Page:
1 person likes this
• United States
18 Mar 08
I like that! "great ideas, huge concepts, small words" the greatest ideas doesn't have to have the biggest words to make the message powerful! I have read news articles and some people's work that left me feeling like they really had nothing to say and HAD to use big words to make it sound better than it was... When I have something to say, I want to make sure that everyone can hear and understand my message... When I have nothing to say, I just don't write! lol! thanks, for your response!
@Ldyjarhead (10157)
• United States
18 Mar 08
I will sometimes tailor my writing style dependent on the topic I'm writing about and who the audience is. I would think that most people would generally do the same, unless they had only the most basic of writing skills and couldn't rise above that. Having said that, while I didn't see any overly 'big words', I found the words you did choose to write above to be subsantial and you certainly don't appear uneducated. How'd I do?
• United States
18 Mar 08
LOL! you did good! I could understand everything ya said! I only have to look up 4 of the words you used! lmao!
@Ldyjarhead (10157)
• United States
18 Mar 08
Hot-diggity-dog! (And I'm not even a writer)
• United States
19 Mar 08
Now you're talkin' my language! I understood that! your simplicity is overwhelmingly appreciated! Nice without being ostentatious!
• United States
18 Mar 08
I am not a writer but in using the English language for normal communications I prefer to use the correct word as it takes me too long to try and find a simpler way of saying it. I also find that if I use the correct "big" word it will do a better job of getting the meaning across. Usually simpler words can have more than one meaning. My foreign friends tell me the English language is so difficult to learn because so many simple word have more than one meaning.
• United States
18 Mar 08
I totally agree with you if you are talking to someone you know what level of English they understand but when writing you do not know the level of understanding the reader has.
• United States
18 Mar 08
Ya know, We created the English language to mess with foreigner's heads! LOL! Lets see, we have words that have two and sometimes three meanings and words that are spelled the same that mean different things, while sounding different... and words spelled differently that have the same meaning! lol!
• United States
27 Mar 08
Big words are fine if you are a collage professor or something. But it's just as hard if you ask me to get your point across in a manner that everyone can understand. What makes this guy an authority anyway? I'm with you, keep it simple, especially here on myLot where there are so many people who don't speak English fluently.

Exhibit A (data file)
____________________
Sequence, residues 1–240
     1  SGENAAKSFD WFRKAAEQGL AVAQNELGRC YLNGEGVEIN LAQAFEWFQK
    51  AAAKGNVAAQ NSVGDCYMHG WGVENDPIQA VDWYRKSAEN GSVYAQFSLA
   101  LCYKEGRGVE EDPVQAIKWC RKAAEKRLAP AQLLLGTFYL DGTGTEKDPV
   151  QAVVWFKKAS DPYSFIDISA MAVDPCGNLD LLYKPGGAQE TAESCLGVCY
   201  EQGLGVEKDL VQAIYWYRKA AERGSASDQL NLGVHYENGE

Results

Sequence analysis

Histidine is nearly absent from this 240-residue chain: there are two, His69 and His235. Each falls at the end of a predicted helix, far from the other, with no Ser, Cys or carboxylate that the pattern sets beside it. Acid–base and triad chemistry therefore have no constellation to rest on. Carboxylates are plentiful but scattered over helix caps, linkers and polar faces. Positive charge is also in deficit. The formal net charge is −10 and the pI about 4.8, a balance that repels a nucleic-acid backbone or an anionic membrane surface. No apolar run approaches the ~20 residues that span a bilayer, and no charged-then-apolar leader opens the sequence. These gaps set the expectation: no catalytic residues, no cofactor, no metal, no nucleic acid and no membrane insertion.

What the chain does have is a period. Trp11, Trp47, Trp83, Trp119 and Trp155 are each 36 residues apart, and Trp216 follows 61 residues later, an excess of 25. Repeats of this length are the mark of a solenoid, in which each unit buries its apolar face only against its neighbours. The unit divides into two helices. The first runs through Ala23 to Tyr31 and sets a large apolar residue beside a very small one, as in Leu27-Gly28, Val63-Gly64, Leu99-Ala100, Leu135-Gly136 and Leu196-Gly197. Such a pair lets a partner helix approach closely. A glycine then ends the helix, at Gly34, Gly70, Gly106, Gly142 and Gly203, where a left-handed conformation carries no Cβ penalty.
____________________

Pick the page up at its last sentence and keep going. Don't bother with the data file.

@gabs8513 (48716)
• United Kingdom
21 Mar 08
I prefer to simplify I have been working on a book for a year now but at the moment I can not be asked to keep at it lol but no doubt I will be going back to it soon I do not have a lot of work left on it so I think by the end of the Year I will have finished it Good luck to you and I say keep it simplified
@fayfun (37)
• China
19 Mar 08
for me,English is my second language,I hope I can read something that is easy to understang,but not with large big words.Using big words in work doesn't meaning anything.So keep doing in your own style.I think you will find your real readers finally.
19 Mar 08
I think there is a lot of power and inspiration in every word that exists, but its not which ones are the longest or most complicated that use this power, its how you string them together. I understand "articulate" means artuclating yourself - expressing yourself and that to me means getting your point across in the most effective way possible. Why complicate your writings with big words when there is just no need!
@fifileigh (3619)
• United States
19 Mar 08
i think write whatever and however makes you happy...it is your style... and everyone has their own style and voice, and that is how you should write with your own specific voice...that is what people will know you for, your particular style...and that is how people will remember you as a writer...you particular voice and style of writing...
@aero89 (422)
• United States
19 Mar 08
I don't think anybody should 'dumb it down' on someone else's account. If a reader has a question about what a word means, they can always ask - but something tells me context will almost give away any word. We've all have our 2 dollar words, and why not use them? And hey, we learned them from somewhere ya know, so it's really not an issue for me. There's nothing wrong with a reader learning a new word! On that same token, I don't think we wannabes should go using the thesaurus just to sound wiser. But for sure, if the word comes naturally, use it! (-:
@patgalca (14366)
• Orangeville, Ontario
19 Mar 08
When you are writing dialogue, the words have to convey the character. If the person is a scholarly professor than bigger words would fit into his dialogue. As for the context of the story, it is not recommended by agents/editors/publishers to use big words. They want to read a story like they are not reading a story. Big words just complicate things. Unless you are trying to be the next Ernest Hemingway, it is best to keep it simple.
@NeoComp (1320)
• United States
19 Mar 08
I try to keep my writings simple and to the point. You are right, you don't want someone to have to wonder what you are talking about. It's much better to have people know what you are saying, so they can get the point.